The history of the snit

If you are wondering about the amount of beverages included in some of the brunch pictures, there’s a story about that. Ideally you should have 5 glasses in front of you: water, coffee, bloody mary, free mimosa, and your snit. Your what? In the upper Midwest region, chiefly Minnesota and Wisconsin, we are accustomed to getting a small beer with our bloody marys, called a snit. Here’s the story:

In the 1950s vodka was scarce in the US mostly due to some shenanigans in Russia. Because of this, a relatively new drink, the Bloody Mary, was missing a main ingredient. Minnesotans, long known for their heartiness, gumption, and fondness for plaid, did not take well to the idea of not enjoying a bloody mary before going out to cut massive ice cubes out of the lakes. Creatively, they began making bloody marys with beer, something that was not experiencing a supply problem. Likely they used Hamm’s or Grain Belt or other locally available beers.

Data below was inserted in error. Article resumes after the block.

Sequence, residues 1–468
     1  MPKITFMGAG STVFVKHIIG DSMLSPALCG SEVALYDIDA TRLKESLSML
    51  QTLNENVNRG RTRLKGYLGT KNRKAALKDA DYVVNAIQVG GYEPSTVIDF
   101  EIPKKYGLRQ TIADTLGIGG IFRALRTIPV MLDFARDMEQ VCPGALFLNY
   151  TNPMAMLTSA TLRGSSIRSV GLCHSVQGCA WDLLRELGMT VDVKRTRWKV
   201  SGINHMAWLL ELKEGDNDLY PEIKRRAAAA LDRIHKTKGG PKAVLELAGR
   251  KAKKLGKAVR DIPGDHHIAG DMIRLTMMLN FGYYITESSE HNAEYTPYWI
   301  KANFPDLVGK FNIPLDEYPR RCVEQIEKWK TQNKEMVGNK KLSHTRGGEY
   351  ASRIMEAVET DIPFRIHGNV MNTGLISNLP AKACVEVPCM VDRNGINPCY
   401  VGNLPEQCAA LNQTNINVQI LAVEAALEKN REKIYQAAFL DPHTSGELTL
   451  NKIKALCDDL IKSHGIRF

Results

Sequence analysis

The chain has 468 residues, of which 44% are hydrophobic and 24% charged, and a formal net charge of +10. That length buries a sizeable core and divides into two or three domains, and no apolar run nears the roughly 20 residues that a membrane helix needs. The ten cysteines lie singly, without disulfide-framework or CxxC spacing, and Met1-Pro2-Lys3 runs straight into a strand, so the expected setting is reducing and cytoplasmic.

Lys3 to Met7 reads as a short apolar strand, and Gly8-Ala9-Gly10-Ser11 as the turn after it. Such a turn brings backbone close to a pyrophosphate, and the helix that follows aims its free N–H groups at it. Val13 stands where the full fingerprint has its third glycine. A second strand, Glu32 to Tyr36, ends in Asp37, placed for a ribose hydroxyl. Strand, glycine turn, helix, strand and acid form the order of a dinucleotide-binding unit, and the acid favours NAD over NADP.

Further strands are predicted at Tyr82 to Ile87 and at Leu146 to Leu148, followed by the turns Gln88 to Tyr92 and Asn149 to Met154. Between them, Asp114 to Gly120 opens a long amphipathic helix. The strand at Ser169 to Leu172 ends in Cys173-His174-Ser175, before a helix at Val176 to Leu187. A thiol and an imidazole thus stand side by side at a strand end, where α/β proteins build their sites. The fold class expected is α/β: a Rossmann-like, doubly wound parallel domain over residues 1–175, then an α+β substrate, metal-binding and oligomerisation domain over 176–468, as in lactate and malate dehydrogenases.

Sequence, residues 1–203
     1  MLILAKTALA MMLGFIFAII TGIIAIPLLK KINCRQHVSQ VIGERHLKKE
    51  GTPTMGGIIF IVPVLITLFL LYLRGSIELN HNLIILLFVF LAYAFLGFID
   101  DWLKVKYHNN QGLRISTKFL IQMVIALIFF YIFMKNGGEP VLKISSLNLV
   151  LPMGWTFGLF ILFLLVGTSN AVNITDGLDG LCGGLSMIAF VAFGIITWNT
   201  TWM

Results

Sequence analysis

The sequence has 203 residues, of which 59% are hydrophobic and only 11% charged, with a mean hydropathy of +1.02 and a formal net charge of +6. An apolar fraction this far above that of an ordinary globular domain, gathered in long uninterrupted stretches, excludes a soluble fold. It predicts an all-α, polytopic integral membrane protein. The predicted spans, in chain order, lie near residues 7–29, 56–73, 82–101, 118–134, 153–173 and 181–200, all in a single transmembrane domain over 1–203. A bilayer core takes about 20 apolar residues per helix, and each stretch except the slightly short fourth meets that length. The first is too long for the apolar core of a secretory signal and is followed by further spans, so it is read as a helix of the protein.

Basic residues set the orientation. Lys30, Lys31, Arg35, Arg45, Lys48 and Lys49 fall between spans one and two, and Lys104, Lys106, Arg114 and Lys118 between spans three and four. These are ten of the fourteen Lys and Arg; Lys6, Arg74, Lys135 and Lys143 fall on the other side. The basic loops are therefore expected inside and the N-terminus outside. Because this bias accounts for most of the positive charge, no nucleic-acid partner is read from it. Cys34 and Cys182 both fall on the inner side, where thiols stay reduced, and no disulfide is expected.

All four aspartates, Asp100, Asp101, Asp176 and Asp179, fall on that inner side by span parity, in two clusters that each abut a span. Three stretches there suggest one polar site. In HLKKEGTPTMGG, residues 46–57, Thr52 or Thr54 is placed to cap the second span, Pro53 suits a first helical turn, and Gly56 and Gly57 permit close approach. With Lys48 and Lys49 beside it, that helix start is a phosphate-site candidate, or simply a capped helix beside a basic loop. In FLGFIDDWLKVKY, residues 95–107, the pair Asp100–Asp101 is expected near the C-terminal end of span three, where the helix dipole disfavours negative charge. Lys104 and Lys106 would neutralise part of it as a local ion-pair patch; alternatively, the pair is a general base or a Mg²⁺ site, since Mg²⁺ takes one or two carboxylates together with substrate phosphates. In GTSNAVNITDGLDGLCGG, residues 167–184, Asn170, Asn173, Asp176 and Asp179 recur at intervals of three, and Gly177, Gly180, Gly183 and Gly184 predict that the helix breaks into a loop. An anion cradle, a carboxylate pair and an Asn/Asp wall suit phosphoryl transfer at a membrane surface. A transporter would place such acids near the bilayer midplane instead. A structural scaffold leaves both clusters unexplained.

But here’s the thing. The cans were typically 10 or 12 oz. of beer. To ensure ideal deliciousness of your bloody mary, you don’t want the entire beer in your drink. Minnesotans are also, let’s say “thrifty”. They wouldn’t want the extra beer just tossed out or wasted somehow. So the bartender would empty the rest of the beer can into a lowball or large shot glass and serve it to you with your bloody mary. *Cue angelic singing* The snit is born.

At least, that’s the story I’ve heard and possibly embellished. If you’ve heard differently, let me know!

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-eggs benedict @ feast, chicago

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5 thoughts on “The history of the snit

  1. Pingback: What is a snit?

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